The U.S. Forest Service is planning to install a gate on Wine Spring Road near Franklin after communications equipment housed less than a mile up the road at Wine Spring Gap was repeatedly stolen and vandalized. Damage has totaled $20,000 in losses, and one of the victims, Macon County Emergency Services, requested that the Forest Service do something about it.
Attendees at Cullowhee’s hearing on the proposed oil and gas rules Sept. 12 were overwhelmingly anti-fracking, but a small contingent of men showed up on a bus from Winstom-Salem — provided by the N.C. Energy Forum — wearing sky blue t-shirts bearing the words “Shale Yes.” Except, fracking opponents are saying, the men weren’t exactly informed proponents of the fossil fuel extraction practice.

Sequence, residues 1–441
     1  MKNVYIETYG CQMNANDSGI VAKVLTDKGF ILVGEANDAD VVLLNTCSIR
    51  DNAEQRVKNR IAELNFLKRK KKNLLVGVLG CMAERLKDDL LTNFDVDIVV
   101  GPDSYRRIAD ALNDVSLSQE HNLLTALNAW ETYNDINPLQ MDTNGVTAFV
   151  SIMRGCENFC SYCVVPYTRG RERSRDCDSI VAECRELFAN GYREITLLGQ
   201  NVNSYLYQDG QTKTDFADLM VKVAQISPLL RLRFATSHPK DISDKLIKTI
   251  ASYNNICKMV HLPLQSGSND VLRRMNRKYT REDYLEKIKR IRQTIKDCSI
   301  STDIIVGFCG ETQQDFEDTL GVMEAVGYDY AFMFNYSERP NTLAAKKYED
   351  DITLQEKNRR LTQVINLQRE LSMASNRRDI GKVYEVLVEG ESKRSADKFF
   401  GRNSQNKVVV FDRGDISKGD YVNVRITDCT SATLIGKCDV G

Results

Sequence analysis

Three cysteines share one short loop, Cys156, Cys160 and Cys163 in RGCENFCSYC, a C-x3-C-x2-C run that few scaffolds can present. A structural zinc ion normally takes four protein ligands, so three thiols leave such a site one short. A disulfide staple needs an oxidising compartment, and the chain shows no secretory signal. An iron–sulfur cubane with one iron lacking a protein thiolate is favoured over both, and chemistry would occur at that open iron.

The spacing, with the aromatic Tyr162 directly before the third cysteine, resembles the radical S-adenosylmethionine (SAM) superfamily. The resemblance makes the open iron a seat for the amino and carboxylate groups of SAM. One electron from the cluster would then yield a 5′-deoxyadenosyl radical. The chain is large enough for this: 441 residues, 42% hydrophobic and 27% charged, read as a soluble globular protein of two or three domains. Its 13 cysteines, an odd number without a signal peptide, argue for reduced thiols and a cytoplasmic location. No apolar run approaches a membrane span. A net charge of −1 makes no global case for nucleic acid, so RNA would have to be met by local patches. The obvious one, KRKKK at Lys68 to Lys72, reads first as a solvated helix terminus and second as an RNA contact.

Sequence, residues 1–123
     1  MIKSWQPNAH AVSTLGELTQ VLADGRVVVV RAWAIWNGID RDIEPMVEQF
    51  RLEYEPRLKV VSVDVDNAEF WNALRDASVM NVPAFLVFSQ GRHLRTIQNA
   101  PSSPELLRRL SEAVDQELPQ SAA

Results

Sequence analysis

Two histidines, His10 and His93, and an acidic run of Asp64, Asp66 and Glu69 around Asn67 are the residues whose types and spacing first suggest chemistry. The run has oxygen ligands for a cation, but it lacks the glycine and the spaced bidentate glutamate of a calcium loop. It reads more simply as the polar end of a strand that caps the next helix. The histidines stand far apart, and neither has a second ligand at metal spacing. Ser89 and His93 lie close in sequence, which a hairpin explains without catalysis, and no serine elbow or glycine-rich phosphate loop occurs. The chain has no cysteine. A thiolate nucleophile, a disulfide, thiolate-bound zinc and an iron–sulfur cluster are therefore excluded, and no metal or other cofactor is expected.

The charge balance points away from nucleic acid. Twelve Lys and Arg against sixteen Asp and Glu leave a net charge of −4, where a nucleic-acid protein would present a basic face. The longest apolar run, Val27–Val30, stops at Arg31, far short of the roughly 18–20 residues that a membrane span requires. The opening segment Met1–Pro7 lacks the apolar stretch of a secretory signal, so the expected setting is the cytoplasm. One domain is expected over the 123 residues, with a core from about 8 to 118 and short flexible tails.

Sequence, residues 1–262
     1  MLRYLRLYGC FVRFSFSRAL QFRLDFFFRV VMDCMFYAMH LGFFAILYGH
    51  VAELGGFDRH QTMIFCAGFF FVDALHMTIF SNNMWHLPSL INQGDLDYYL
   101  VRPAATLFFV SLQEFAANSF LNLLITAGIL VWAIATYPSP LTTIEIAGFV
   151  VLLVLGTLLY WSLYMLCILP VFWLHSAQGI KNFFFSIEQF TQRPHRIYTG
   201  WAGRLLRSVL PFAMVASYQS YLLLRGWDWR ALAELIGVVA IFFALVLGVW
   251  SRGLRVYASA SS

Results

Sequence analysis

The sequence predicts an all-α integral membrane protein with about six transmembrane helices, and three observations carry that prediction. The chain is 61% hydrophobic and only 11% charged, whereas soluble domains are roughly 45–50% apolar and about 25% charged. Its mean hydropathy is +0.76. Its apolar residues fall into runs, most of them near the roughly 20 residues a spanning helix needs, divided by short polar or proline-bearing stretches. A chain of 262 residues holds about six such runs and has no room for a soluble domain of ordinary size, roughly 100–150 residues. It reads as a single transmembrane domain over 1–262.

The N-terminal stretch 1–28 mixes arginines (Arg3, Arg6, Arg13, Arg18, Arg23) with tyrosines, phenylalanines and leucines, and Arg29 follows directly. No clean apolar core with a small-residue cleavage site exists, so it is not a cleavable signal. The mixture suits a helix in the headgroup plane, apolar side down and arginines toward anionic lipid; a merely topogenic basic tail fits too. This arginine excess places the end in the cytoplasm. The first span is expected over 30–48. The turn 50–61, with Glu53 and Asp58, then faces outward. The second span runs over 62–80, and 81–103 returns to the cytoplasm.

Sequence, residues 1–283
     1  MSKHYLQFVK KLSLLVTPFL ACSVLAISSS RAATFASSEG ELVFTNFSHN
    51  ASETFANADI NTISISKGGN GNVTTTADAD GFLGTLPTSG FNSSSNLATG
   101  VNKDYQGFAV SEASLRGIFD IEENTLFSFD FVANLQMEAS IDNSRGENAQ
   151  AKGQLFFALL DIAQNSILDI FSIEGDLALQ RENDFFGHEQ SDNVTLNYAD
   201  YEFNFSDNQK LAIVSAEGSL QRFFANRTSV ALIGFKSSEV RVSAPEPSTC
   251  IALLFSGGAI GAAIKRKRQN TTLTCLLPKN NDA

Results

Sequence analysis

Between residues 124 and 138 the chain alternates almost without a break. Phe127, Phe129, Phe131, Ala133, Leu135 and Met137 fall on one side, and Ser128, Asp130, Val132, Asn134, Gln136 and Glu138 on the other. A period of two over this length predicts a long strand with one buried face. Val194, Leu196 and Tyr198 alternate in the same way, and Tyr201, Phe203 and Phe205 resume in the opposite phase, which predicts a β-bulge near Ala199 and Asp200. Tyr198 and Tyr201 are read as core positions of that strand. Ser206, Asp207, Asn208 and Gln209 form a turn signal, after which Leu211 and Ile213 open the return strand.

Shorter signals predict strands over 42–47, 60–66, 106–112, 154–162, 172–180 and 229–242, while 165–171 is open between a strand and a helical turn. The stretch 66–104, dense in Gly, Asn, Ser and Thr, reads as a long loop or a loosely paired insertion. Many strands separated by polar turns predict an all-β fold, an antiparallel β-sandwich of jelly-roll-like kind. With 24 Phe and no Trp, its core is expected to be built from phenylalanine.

“We want unannounced reviews and inspections by DENR. It’s like a drug test. You tell them they’re going to be drug tested? They’re clean. So we want unannounced inspections, number one. We want records kept for a minimum of 50 years, not 5 years. We want no wide-range variances on regulations. We don’t want favors given out to criminals that are fracking our land.”
— Louise Heath, Cherokee tribal member
Wireless communications companies could ultimately find Jackson County’s revised cell phone tower ordinance considerably more palatable than the stricter version that appeared to be shaping up this summer. The county planning board seems to be shying away from its previously discussed direction, questioning aspects of the ordinance detailing height and camouflage requirements for towers.